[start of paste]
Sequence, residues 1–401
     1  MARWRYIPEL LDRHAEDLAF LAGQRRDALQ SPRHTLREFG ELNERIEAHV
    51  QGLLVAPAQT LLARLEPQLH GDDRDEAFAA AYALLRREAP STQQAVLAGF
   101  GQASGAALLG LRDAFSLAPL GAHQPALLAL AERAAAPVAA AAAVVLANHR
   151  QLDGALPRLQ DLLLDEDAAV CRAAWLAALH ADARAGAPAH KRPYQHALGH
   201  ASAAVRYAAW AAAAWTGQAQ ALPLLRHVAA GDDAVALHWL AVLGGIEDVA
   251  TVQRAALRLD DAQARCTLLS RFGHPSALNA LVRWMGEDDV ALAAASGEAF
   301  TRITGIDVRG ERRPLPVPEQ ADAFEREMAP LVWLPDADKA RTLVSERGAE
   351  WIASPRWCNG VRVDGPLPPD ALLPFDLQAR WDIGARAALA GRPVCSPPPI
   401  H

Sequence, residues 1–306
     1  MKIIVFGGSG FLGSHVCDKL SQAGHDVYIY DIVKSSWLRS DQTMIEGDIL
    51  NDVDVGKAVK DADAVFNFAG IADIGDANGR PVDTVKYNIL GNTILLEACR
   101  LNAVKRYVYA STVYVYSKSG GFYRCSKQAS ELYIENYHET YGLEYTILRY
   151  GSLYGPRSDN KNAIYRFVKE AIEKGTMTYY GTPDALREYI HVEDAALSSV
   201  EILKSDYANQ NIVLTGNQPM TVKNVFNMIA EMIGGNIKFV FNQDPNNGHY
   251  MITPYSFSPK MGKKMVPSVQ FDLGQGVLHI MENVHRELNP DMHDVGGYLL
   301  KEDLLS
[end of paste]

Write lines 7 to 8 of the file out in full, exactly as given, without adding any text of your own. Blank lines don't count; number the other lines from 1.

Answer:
   251  TVQRAALRLD DAQARCTLLS RFGHPSALNA LVRWMGEDDV ALAAASGEAF
   301  TRITGIDVRG ERRPLPVPEQ ADAFEREMAP LVWLPDADKA RTLVSERGAE